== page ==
Data can be another thorny issue when building an application or service based on a microservices architecture or, more precisely, where to store data. Each microservice instance is likely to have its own data store, but some applications may call for the ability to access a shared repository. Different services will also have additional data storage requirements, with some in the industry saying that a NoSQL database makes the most sense. In contrast, others advocate sticking to SQL if that is what the organization has already deployed.

There are other differing opinions on this issue, with some experts advising that a single database (but not perhaps a single schema) shared by multiple services is the best approach because, for one thing, it allows organizations to reuse the procedures they have in place for database backup and restore. Others advise against this because it creates a potential single point of failure against the microservices ethos.

Plan carefully

This all means that the microservices architecture may not suit every organization or every type of application. However, the reasons behind its growing adoption are that microservices make it easier to implement a more agile approach to the deployment of services, which many organizations are now seeking.

“Organisations going down the microservices route tend to be more cutting-edge than the rest,” says independent analyst Clive Longbottom. “As such, they will also tend to be more open to thinking of what a move to a new architectural topology needs. Historically, most changes have been evolutionary: successful microservices architectures are revolutionary, requiring a complete rethink of what is being done.”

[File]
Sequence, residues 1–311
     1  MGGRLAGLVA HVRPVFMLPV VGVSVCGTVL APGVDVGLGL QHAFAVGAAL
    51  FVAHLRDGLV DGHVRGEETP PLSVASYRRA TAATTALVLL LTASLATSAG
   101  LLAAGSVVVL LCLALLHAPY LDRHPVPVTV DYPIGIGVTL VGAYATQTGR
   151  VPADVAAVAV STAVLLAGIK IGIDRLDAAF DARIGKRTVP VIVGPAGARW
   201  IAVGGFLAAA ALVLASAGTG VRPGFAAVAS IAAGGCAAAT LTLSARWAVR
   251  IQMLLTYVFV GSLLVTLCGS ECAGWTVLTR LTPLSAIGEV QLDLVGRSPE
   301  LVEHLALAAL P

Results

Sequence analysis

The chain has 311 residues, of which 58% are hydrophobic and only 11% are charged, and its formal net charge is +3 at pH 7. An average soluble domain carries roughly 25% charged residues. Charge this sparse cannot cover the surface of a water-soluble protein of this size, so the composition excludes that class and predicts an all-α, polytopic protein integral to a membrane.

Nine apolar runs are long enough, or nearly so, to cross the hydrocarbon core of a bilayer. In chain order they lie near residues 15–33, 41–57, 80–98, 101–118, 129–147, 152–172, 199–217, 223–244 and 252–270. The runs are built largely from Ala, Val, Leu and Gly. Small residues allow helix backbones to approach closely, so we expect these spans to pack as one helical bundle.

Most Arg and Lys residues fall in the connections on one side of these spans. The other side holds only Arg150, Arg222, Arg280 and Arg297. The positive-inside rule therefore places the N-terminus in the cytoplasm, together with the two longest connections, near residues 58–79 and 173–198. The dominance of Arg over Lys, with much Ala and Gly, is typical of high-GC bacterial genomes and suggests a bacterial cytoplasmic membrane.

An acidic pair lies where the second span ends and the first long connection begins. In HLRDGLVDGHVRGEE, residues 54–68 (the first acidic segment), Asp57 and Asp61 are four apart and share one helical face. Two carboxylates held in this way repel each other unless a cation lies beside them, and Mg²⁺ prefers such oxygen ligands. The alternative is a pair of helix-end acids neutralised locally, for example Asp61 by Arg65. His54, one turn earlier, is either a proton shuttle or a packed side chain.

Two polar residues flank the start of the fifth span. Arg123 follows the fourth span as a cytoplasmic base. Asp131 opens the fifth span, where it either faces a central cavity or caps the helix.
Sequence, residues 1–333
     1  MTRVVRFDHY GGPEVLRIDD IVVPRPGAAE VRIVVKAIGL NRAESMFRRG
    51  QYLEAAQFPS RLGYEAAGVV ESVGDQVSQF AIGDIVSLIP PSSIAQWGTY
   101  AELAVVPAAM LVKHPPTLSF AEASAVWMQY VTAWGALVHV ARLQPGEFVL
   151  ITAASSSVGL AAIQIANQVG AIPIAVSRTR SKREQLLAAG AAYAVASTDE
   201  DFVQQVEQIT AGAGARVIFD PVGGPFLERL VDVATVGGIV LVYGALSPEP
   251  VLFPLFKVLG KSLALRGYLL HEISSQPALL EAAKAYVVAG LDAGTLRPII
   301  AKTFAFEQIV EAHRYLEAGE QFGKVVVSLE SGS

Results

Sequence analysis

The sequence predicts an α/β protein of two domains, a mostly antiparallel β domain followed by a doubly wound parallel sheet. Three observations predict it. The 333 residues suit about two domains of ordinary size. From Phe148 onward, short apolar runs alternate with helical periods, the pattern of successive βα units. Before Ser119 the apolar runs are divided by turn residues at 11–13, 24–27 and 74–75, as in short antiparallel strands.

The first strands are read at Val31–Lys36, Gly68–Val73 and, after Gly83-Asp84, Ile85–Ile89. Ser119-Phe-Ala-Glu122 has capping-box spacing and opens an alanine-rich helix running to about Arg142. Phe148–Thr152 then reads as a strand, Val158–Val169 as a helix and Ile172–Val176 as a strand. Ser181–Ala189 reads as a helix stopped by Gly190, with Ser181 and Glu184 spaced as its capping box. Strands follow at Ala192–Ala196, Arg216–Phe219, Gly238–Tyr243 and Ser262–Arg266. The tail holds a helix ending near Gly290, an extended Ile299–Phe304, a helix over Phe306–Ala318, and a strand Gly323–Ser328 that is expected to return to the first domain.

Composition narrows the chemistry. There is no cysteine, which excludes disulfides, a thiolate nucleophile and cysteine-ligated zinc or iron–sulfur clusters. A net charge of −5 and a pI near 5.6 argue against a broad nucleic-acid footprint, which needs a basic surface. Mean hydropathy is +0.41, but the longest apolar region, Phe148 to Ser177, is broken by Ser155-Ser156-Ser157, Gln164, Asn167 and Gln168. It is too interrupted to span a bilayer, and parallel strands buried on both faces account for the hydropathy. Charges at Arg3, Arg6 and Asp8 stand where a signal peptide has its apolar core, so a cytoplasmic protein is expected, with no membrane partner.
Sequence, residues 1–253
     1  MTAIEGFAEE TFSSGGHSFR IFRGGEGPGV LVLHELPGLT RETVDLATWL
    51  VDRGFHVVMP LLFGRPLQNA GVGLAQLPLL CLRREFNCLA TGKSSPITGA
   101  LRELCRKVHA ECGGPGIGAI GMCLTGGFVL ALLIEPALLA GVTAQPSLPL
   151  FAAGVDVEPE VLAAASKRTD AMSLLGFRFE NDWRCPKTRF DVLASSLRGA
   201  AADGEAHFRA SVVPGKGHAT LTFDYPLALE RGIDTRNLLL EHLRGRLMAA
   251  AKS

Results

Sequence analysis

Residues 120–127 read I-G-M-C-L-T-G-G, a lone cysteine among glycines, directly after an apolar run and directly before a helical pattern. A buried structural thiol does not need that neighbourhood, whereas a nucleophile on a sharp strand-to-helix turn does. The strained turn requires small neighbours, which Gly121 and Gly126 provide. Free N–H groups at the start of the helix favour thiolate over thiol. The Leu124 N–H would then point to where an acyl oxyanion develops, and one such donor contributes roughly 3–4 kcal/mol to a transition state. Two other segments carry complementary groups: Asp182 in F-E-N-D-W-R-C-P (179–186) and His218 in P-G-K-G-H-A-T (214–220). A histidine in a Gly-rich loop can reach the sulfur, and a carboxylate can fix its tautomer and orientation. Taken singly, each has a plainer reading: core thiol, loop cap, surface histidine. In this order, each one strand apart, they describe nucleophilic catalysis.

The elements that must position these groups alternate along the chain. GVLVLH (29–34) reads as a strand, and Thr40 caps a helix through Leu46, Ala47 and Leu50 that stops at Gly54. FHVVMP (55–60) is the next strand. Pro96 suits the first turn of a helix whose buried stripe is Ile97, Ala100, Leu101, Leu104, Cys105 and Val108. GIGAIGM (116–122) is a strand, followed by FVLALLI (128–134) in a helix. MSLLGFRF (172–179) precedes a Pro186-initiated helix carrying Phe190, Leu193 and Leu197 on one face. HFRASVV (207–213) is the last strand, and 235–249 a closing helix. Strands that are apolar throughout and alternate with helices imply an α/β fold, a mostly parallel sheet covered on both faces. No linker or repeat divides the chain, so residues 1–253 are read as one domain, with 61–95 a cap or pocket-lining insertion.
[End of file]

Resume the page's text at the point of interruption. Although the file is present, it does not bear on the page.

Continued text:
In other words, microservices might be more suitable for a “greenfield” deployment built from scratch rather than organizations trying to refactor or update an existing application.

As already noted, Docker-style software containers are a technology that has become associated in the minds of many with microservices. However, they are just one way of implementing a distributed deployment such as microservices. Other courses might include lightweight virtual machines or even deploying microservice instances as non-virtualized code running in a server environment, just like everyday applications. Serverless computing functions would be another way of implementing microservices.

Containers are better suited than virtual machines because they are less resource-heavy, and it is much quicker to spawn a new container instance than spin up a new virtual machine. Containers are now a relatively mature technology, with a broad ecosystem of tools to support orchestration (such as Kubernetes), communications (Istio), and monitoring.

Interestingly, the O’Reilly survey found that a higher-than-average proportion of respondents who reported success with microservices chose to instantiate them using containers, while a higher proportion of respondents who had described their microservices efforts as unsuccessful had not used containers.

This might suggest that containers are a less risky option when implementing microservices. Still, again it is more a matter of choosing the right technology for the organization’s specific application and requirements.

“If we just look at a microservice, it is just a functional stub,” says Longbottom. “The container should provide the environment the microservice needs, with orchestration and so on managing the provisioning, patching, updating and movement of the microservices as required across the broader platforms.”

In other words, building microservices involves a different kind of complexity from traditional, more monolithic application styles. For this reason, it may be regarded as a technology better suited for new-build modern or cloud-native applications or for organizations overhauling their IT as part of a digital transformation process.